Just as the company predicted one year ago, Ocwen Financial suffered another year deep in the red in 2017, posting its fourth straight yearly loss of more than $100 million.
But, at least Ocwen’s net losses are trending in the right direction.
Ocwen reported Wednesday morning that it posted a net loss of $128.5 million in 2017. That’s up $70.9 million from the net loss of $199.4 million that Ocwen posted in 2016.
For the fourth quarter of 2017, Ocwen posted a net loss of $45.3 million, driven mostly by $49.8 million in “litigation and regulatory settlement-related expenses.”
For the full year 2017, Ocwen’s net loss included $94 million in litigation and regulatory settlement accruals, up $24 million from 2016.
The quarterly loss marks Ocwen’s fifth straight in the red. In the third quarter, Ocwen posted a net loss of $6 million, an improvement from both the company’s net loss of $44.4 million in the second quarter, and its loss of $32.6 million in the first quarter.
“2017 was another challenging year for Ocwen and our industry. However, we continued to make progress on a number of fronts, reducing our year over year loss by $70.9 million and helping over 45,000 struggling families retain their home through affordable loan modifications,” Ocwen President and CEO Ron Faris said in a statement.
“We are also in an improved cash and liquidity position following the closing of our amended agreements with New Residential Investment Corp. in January 2018,” Faris added. “Our servicing business continued to perform well despite the challenges posed by continued portfolio runoff and posted its sixth consecutive quarter of pre-tax income.”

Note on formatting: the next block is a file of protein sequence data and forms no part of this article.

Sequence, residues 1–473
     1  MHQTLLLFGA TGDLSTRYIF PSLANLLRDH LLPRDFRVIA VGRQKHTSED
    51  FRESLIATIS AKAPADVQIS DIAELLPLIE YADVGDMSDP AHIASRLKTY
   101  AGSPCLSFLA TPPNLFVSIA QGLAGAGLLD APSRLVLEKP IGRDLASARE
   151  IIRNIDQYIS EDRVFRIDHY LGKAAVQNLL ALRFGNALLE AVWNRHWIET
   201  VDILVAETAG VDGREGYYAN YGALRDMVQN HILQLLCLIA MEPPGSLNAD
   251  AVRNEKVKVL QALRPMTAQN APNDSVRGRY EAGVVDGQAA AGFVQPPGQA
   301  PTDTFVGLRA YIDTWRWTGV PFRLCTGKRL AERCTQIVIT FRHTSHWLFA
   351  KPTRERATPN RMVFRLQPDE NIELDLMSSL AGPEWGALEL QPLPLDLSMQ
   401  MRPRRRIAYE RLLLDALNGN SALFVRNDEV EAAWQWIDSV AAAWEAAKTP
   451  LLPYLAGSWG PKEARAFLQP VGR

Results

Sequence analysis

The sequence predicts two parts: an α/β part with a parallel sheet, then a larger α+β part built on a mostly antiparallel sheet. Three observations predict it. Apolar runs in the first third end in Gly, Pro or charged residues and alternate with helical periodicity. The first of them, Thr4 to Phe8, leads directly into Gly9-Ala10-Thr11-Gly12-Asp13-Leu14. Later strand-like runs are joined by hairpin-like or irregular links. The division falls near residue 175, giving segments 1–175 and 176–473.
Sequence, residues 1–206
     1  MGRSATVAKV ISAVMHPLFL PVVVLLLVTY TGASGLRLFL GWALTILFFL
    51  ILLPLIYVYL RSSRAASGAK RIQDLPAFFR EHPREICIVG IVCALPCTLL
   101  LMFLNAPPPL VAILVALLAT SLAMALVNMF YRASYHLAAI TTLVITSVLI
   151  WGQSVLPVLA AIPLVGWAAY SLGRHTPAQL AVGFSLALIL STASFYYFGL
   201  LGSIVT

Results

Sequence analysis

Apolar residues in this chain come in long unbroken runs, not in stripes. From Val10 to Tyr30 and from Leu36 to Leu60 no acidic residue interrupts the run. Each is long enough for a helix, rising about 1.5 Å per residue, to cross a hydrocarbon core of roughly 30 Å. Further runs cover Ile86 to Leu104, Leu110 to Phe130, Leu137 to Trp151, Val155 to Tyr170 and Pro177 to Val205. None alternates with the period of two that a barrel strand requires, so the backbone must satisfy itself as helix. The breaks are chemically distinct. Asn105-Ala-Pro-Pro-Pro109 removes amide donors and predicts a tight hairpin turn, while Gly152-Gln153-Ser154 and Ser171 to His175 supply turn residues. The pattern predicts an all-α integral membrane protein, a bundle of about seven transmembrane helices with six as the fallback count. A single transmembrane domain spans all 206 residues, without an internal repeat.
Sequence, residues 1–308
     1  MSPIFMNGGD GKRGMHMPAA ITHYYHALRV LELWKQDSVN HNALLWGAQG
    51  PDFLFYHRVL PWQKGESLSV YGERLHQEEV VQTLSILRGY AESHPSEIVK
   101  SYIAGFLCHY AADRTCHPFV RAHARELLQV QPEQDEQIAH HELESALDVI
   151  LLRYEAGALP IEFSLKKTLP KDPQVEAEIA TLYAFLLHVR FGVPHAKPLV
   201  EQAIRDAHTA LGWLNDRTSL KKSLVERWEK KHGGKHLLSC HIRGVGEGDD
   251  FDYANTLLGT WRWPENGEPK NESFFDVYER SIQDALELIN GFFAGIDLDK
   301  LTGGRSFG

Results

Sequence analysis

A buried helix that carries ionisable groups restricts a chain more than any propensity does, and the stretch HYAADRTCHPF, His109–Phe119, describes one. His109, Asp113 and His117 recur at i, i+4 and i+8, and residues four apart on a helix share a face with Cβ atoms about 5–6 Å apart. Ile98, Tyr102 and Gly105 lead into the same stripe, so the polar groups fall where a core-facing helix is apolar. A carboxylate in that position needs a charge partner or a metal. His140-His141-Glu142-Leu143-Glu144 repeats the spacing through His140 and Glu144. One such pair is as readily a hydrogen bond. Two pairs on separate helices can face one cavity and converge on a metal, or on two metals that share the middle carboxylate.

As Ocwen noted, its bottom line was impacted throughout 2017 by various legal and settlement expenses.
Earlier this week, for example, the nonbank disclosed that it reached a settlement with the state of Maryland as part of a string of settlements with some of the 31 states that took regulatory actions against the nonbank last year over alleged escrow and other mortgage servicing issues.
While the Maryland settlement would not be included in the company’s 2017 financials, many of the other settlements reached by the company throughout last year would be.
Ocwen’s financial performance last year was also impacted by the company’s shifting business model.
Back in August 2017, Ocwen revealed that it planned to exit correspondent lending to focus on its “higher margin” channels – retail and wholesale. That focus lasted just two months, as Ocwen disclosed in October that it planned to exit its wholesale forward lending business, its largest mortgage origination channel.
A few days later, Ocwen said that it is considering selling its reverse mortgage business. If that sale does eventually goes through, Ocwen would have reduced its mortgage originations lines of business from six to one, leaving mortgage servicing and retail forward lending as the company’s only active mortgage lines of business.
As a result in Ocwen’s lending business changes, the company’s lending volume dropped by $1.4 billion in 2017.
In 2016, the company originated just over $5 billion in mortgages. Of that, $4.19 billion were forward mortgages, while $825 million were reverse mortgages.
By comparison, Ocwen originated approximately $3.56 billion in mortgages in 2017. Of that, $2.52 billion were forward mortgages, while $1.04 billion were reverse mortgages.
In its earnings statement, the company noted that the decrease in forward originations was due to the company’s decision to exit the “unprofitable correspondent and wholesale businesses.”
Ocwen’s business will change again soon, assuming that its $360 million deal to acquire PHH Corp. goes through. That deal was announced Tuesday after the markets closed.
According to details provided by PHH, the deal is targeted to close during the latter half of the year, but Ocwen has the option to terminate the deal if PHH’s unrestricted cash or net worth “decline below certain threshold amounts.”